"AGAIN? You gotta be kidding me!" Your boss delegated a task to one of your direct reports without consulting with you first. It has happened before, and you have previously asked your boss to give you a heads up before delegating to your team members. You are irate! You were promoted recently and are working to assert your leadership with this new team. Why is your boss undermining your authority?
This month’s CBODN Book Club focused on Enneagrams, a model that presents different lenses through which people see the world. This model is especially important when in conflict with others. The conflict may be big or small, and the scenario above gives us an example to play with. As you think about giving feedback to your boss, while you may think the goal is to get the other person to see where you're coming from, the real goal is to allow the other person to feel heard. Once the other person feels heard, they will no longer be on the defensive, will open up, and will engage in a more rational conversation to reach a mutually beneficial outcome. While you may think you have listened deeply, provided timely feedback, and demonstrated empathy, it takes patience and practice to really see another person’s point of view — in particular when they are very different from your own. Asking the right questions—and then listening is a great start, but we encourage you to take one more step to more fully "hear" the other person.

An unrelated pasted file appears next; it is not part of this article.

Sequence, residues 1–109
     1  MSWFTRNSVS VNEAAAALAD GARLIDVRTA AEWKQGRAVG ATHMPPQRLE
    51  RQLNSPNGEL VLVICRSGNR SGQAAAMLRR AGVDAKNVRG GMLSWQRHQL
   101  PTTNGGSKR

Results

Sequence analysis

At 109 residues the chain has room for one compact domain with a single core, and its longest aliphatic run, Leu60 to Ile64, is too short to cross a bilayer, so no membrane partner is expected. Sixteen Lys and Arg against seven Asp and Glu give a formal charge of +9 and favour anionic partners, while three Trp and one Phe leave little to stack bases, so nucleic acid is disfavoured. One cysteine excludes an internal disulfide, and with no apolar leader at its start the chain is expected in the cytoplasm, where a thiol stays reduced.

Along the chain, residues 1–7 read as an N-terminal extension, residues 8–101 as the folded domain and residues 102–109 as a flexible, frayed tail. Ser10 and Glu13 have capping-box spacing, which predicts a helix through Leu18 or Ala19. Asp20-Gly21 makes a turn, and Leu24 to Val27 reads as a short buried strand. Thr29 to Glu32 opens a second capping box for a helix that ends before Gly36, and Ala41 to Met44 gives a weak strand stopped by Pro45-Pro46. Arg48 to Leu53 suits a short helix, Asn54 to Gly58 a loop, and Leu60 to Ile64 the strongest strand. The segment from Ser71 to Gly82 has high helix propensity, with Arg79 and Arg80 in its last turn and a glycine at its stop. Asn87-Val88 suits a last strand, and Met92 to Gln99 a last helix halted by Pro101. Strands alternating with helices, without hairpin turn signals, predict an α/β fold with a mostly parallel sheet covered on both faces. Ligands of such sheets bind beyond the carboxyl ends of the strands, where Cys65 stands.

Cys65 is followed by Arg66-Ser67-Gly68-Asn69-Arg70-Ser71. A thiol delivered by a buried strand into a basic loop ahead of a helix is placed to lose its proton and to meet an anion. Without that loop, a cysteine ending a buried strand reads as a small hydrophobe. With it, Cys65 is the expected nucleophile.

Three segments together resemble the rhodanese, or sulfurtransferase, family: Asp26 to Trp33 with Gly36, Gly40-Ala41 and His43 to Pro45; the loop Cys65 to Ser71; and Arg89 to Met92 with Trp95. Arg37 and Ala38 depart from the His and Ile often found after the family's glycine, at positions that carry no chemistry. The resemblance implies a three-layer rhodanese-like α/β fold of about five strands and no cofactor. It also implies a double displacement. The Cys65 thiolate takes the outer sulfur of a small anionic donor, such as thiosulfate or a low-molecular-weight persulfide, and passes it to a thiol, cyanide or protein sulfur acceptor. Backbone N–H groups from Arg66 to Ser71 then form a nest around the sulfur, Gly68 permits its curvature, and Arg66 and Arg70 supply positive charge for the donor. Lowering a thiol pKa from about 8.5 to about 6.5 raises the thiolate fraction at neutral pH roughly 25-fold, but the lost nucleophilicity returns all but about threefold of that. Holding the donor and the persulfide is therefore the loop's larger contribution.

When you are in conflict with someone who is very different from yourself, the “REAL” model can help. I created this model several years ago when I realized that active listening simply wasn't enough. People were still getting stuck speaking at the surface level, and neither party felt heard. This model works particularly well:
Walking Through the REAL Model
Before the conversation, it is helpful to get into the right mindset. While you do not know how the person will respond, you can control if you are entering the conversation from a place of positive intent and interest for both of you to feel heard and respected.
Given the scenario above, you might initiate the conversation and say, "I'd like to re-evaluate our roles on the team so we can provide clear direction to the staff. There are times when you go out to lunch or coffee with staff members, and they come back to the project with a new direction. How are you seeing this situation?" And, then begin the REAL process.
This conversation started with the manager feeling undermined by her boss. The conversation ended with strategies on how to support each other in their new roles and work as unified leaders. The REAL model is a way to structure conversations so both parties can be heard and reach a solution that addresses the underlying issues. I invite you to experiment with some of these concepts (at work and at home) and let me know how it works. What is different in this approach compared to how you typically have these types of conversations (assuming you don't avoid them all together)? What might be most challenging for you? And, let me know what else you discover as you entertain new ways to engage in meaningful conversations.